As buyers get the itch to look for a home and start to venture out to open houses, it will behoove them to go through the pre-approval process. Pre-approval essentially consists of a lender going through various aspects of a homebuyer's background (credit history, income verification, etc.) to determine how much home they can actually afford (and how much of a loan they will be able to get).
Here is a quick Q&A that will help demystify the experience.
What information will a borrower need to submit for a pre-approval?
In general, a pre-approval applicant will need to submit last year's tax return, a current pay stub, and information about any other sources of income or assets (investments, retirement accounts, for example). In addition to assets, it is probably a good idea to give lenders a sense of all debts and monthly expenses. Lenders also like know where the down payment is coming from.
How important is good credit?
During the pre-approval process, the lender will also do a credit check. A "good" credit score is now considered 740 or higher. Drop into the high-600s and you may not get quite as low an interest rate as you may have wanted. Once you get below the mid-600s, it becomes more difficult to get a loan.
So, how much of a loan can I expect to get?
Generally, the rule-of-thumb that lenders use these days is to assume that the mortgage payment will be 33 percent of a borrower's gross monthly income, depending on other debts that the buyer carries. Typically, lenders don't want the total debt-to-income ratio to be more than 45 percent. (Interestingly, the old standard was 28 percent for housing, and 36 percent for total debts.)
For example, consider a $400,000 condo. Assuming a buyer will put down 20 percent ($80,000), and expects to pay $250 per month in taxes and $300 in condo fees, they will need an annual income of $73,000 to comfortably make their payments. However, they won't qualify for the same loan if they also have a $600 monthly car payment and $300 monthly student loan payment.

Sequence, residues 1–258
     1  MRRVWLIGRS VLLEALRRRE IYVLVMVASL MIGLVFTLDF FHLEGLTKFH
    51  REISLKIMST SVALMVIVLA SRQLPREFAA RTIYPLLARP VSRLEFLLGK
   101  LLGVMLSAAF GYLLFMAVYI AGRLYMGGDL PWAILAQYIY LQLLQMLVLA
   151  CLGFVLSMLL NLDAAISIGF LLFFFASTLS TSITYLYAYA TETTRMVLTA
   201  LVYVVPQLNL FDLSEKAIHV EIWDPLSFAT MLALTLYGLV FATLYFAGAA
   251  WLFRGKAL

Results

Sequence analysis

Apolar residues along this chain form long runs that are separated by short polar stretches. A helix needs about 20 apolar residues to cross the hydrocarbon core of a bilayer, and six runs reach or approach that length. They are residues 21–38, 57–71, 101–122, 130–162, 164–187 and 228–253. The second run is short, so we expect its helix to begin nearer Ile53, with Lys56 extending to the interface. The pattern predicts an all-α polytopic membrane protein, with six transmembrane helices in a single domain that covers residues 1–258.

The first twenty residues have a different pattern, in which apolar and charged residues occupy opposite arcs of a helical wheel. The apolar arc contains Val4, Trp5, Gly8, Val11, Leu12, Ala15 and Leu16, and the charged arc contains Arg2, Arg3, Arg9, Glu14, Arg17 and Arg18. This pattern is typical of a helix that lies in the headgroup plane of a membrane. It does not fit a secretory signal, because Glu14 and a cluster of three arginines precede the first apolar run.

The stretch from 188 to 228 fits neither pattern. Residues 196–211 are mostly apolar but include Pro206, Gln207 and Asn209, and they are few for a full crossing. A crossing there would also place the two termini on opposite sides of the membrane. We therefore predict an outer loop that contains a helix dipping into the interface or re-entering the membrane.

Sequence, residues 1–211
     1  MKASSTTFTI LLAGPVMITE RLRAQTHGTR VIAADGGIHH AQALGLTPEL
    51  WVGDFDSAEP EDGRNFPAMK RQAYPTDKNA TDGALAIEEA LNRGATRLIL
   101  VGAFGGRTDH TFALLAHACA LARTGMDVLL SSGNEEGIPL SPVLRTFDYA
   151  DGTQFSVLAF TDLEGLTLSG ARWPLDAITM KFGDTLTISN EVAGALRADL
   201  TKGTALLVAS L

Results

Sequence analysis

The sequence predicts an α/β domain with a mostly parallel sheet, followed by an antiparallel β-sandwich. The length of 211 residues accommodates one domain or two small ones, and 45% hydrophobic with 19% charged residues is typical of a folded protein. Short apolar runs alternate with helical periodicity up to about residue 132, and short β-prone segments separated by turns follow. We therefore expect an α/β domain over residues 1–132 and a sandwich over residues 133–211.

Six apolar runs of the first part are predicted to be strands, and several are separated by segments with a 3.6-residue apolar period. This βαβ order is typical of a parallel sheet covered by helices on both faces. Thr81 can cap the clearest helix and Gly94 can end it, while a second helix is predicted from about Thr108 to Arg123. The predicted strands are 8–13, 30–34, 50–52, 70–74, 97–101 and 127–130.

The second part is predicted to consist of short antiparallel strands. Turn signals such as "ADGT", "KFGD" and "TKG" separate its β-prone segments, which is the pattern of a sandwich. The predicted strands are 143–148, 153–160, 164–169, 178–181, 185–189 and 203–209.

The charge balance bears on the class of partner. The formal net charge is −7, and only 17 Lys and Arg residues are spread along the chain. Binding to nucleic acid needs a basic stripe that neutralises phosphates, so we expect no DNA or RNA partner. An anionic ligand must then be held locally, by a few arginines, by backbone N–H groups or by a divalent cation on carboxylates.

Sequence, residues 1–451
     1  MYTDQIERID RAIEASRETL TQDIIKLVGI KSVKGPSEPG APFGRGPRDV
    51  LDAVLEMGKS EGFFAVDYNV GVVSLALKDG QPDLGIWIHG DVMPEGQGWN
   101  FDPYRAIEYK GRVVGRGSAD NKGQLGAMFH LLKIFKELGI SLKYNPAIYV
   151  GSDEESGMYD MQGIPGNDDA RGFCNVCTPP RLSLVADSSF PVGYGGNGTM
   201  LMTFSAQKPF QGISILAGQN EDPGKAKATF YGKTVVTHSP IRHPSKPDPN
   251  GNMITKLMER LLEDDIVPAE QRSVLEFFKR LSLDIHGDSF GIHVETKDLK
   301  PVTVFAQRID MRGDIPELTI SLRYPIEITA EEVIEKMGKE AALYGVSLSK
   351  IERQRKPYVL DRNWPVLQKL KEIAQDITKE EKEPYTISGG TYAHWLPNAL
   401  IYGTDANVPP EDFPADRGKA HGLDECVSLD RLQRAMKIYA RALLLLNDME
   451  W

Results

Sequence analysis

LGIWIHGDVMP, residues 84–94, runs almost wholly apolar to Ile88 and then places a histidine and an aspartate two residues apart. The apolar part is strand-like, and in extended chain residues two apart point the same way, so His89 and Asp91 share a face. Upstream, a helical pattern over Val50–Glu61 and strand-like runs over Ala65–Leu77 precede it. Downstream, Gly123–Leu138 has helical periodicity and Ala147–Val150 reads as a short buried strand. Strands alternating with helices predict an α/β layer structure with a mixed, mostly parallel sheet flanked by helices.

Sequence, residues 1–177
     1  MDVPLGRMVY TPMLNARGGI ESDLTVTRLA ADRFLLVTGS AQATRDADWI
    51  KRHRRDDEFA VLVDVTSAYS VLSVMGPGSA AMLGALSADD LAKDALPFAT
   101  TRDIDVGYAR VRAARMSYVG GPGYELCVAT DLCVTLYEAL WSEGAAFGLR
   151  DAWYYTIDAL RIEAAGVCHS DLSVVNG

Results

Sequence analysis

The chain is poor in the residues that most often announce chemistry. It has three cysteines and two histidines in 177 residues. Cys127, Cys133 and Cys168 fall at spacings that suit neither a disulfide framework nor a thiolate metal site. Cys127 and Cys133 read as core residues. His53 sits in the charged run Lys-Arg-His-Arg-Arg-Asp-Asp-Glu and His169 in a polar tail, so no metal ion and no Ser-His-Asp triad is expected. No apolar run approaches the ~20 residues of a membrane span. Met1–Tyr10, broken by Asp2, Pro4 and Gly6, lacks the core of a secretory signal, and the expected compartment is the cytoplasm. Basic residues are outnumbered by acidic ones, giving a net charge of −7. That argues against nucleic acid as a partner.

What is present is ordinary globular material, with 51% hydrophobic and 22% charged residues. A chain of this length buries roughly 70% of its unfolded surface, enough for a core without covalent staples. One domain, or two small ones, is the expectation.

This article originally published at https://dc.urbanturf.com/articles/blog/the-mortgage-pre-approval-process/15127.
Most Popular... This Week • Last 30 Days • Ever
The listing will hit the market on Wednesday, according to the Washington Business Jo... read »
Here are some precautions to take before buying real estate with a buddy.... read »
The concept for the residential conversion of a prominently sited building in Dupont ... read »
About a month ago, UrbanTurf examined how condo and co-op prices were driving home pr... read »
Even though flipping is not as prevalent in the city as it used to be, there are sti... read »
With interest rates reaching their highest levels in 22 years, it is critically impor... read »
Just before the holiday, UrbanTurf is taking its semi-annual look at the neighborhood... read »
Plans have been filed with DC's Historic Preservation Office to convert the building ... read »
An application filed with DC this week signals the end is nigh for a McDonald's locat... read »
The change would allow for an 80-acre portion of DC's 272-acre Armed Forces Retiremen... read »
With this weekend's DC houseboat tour a day away, UrbanTurf thought it only fitting t... read »
President Obama travels to Denver this morning to sign the stimulus bill that has bee... read »
In this week's installment of Ask An Agent, a reader wonders if there is a rule for h... read »
As The Wharf prepares to begin construction, DC's houseboat community heads to its ne... read »
In this week's installment of Ask An Agent, a reader asks a fairly common question th... read »
DC Real Estate Guides
Short guides to navigating the DC-area real estate market
We've collected all our helpful guides for buying, selling and renting in and around Washington, DC in one place. Start browsing below!
Intro guides for first-time home buyers
Awesome and unusual real estate from across the DC Metro